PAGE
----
48% Of Used Hard Drives Contain Sensitive Data – How To Be Sure Yours Won’t

48% Of Used Hard Drives Contain Sensitive Data – How To Be Sure Yours Won’t

Discarded hard drives often have residual personal data on them.

Many of us pass our Macs and some external devices on to others when we upgrade. Family and friends may get our hand-me-downs, but quite frequently we’ll sell an old Mac, printer, or external drive on eBay or some other venue. Regardless of where our computers and related technology end up when we outgrow them, it’s important to make sure we scrub any personal data from them.

The importance of securely erasing personal and/or business data from hardware that is being passed on, sold, or even recycled was highlighted in a recent study by Britain’s Information Commissioner’s Office, which discovered that half of all used hard drives contained information from their previous owners.

The study found that 48% of used drives contained some residual data. 11% contained personal information of some kind. 3% contained sensitive personal details like digital copies of passports and driver’s licenses, birth certificates, tax information, banking and financial information, and health-related data. 1% had enough information on them to commit identity theft.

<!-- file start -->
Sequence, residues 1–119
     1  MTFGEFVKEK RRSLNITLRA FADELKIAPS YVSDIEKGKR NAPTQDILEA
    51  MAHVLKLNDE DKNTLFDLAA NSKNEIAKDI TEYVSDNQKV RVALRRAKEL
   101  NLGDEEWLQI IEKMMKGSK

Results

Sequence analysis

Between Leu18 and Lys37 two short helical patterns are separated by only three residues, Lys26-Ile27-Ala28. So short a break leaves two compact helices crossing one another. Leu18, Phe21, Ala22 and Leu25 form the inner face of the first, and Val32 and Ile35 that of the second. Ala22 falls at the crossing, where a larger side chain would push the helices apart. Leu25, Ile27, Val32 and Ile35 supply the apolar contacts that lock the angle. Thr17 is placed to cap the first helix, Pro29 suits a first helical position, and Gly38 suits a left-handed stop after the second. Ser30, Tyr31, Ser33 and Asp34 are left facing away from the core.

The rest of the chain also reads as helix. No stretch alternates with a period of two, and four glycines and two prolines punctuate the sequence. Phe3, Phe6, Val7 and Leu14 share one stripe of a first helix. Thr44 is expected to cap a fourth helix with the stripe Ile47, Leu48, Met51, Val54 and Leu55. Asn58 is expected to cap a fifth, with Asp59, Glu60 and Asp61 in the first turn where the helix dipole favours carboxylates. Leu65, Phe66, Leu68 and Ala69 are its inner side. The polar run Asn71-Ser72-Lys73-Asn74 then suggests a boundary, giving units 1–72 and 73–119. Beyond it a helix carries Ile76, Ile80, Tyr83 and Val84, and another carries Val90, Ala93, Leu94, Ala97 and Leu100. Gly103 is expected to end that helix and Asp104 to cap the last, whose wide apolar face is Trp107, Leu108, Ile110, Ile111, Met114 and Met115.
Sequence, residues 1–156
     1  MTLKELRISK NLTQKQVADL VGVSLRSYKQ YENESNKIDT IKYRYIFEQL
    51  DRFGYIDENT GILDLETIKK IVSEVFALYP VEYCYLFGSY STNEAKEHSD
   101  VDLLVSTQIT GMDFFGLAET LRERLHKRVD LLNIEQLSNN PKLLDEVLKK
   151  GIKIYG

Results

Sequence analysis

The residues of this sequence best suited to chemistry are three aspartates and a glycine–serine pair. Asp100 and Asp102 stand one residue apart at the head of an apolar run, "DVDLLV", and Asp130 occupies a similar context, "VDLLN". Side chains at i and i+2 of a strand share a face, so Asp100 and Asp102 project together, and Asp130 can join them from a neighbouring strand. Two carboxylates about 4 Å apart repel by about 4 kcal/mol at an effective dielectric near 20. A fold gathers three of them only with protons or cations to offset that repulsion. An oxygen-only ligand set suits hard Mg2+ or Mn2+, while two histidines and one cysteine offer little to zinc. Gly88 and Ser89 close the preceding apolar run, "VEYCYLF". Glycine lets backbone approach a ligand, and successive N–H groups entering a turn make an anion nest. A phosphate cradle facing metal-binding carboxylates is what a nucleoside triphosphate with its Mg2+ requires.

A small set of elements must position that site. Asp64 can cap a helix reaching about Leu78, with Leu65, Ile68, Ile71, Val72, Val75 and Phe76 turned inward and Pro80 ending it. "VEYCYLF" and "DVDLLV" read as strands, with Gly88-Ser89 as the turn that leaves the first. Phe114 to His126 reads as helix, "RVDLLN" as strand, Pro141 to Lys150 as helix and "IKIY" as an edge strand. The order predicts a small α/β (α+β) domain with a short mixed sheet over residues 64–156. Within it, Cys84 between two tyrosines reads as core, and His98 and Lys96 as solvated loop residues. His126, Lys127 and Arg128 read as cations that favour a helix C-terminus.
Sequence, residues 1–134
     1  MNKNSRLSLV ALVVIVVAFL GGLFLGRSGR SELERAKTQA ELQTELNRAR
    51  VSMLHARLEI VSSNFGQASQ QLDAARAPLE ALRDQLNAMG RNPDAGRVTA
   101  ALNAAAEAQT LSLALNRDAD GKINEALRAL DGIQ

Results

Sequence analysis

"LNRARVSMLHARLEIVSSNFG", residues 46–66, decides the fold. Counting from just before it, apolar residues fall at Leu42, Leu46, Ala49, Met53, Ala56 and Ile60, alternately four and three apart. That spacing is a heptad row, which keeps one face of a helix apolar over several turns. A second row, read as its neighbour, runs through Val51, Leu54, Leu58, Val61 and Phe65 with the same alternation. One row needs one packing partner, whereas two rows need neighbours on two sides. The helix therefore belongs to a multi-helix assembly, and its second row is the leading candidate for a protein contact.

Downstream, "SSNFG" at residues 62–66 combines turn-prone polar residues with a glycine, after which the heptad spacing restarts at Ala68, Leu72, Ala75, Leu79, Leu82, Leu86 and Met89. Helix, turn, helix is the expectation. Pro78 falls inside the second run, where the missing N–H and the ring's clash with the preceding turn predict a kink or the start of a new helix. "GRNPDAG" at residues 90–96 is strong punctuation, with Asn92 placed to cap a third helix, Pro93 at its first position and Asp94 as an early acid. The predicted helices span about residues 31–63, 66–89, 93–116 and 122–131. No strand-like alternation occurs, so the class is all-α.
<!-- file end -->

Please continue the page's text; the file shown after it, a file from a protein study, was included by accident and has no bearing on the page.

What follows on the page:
The study included drives from a mix of sources, including businesses that might be responsible for recording and tracking some of that sensitive data.

Of the drives that didn’t contain accessible data, only 38% we truly clean (meaning that they were securely wiped). The remaining 14% were damaged and considered unreadable though the study doesn’t specify the damage or whether data recovery or forensic tools might have gained information for them.

Those are some troubling statistics, but the big lesson is that if we, as individuals or businesses, are getting rid of drives or computers, we need to securely erase our data.

That means doing more than clicking the simple Erase button in Disk Utility. A simple erase doesn’t actually erase anything. It simply marks all the sectors of a disk as free space. Until every sector has new data stored in it, the old data still exists and data recovery and forensic tools can retrieve it. A secure erase actually overwrites data.

Performing a secure erase is quite simple. Launch Disk Utility, select the drive, and then the Erase tab. On that tab, click the Security Options button and select the type of secure erase you want to perform – there are three choices:

  • A single pass erase overwrites the entire drive with a series zeroes. It’s fastest, but data recovery or forensic tools can still recover data.
  • A three pass erase writes random data to the drive, then does it again, and then does a standard pass with known data. That’s generally sufficient to prevent most tools from recovering usable data.
  • A seven pass erase makes seven passes with specific mixes of known and random data. The process meets U.S. Department of Defense requirements for secure erase of even the most sensitive information. For individuals, this can be overkill, but for businesses that deal with sensitive information like healthcare records or banking/financial data, this is the best option.
48% Of Used Hard Drives Contain Sensitive Data – How To Be Sure Yours Won’t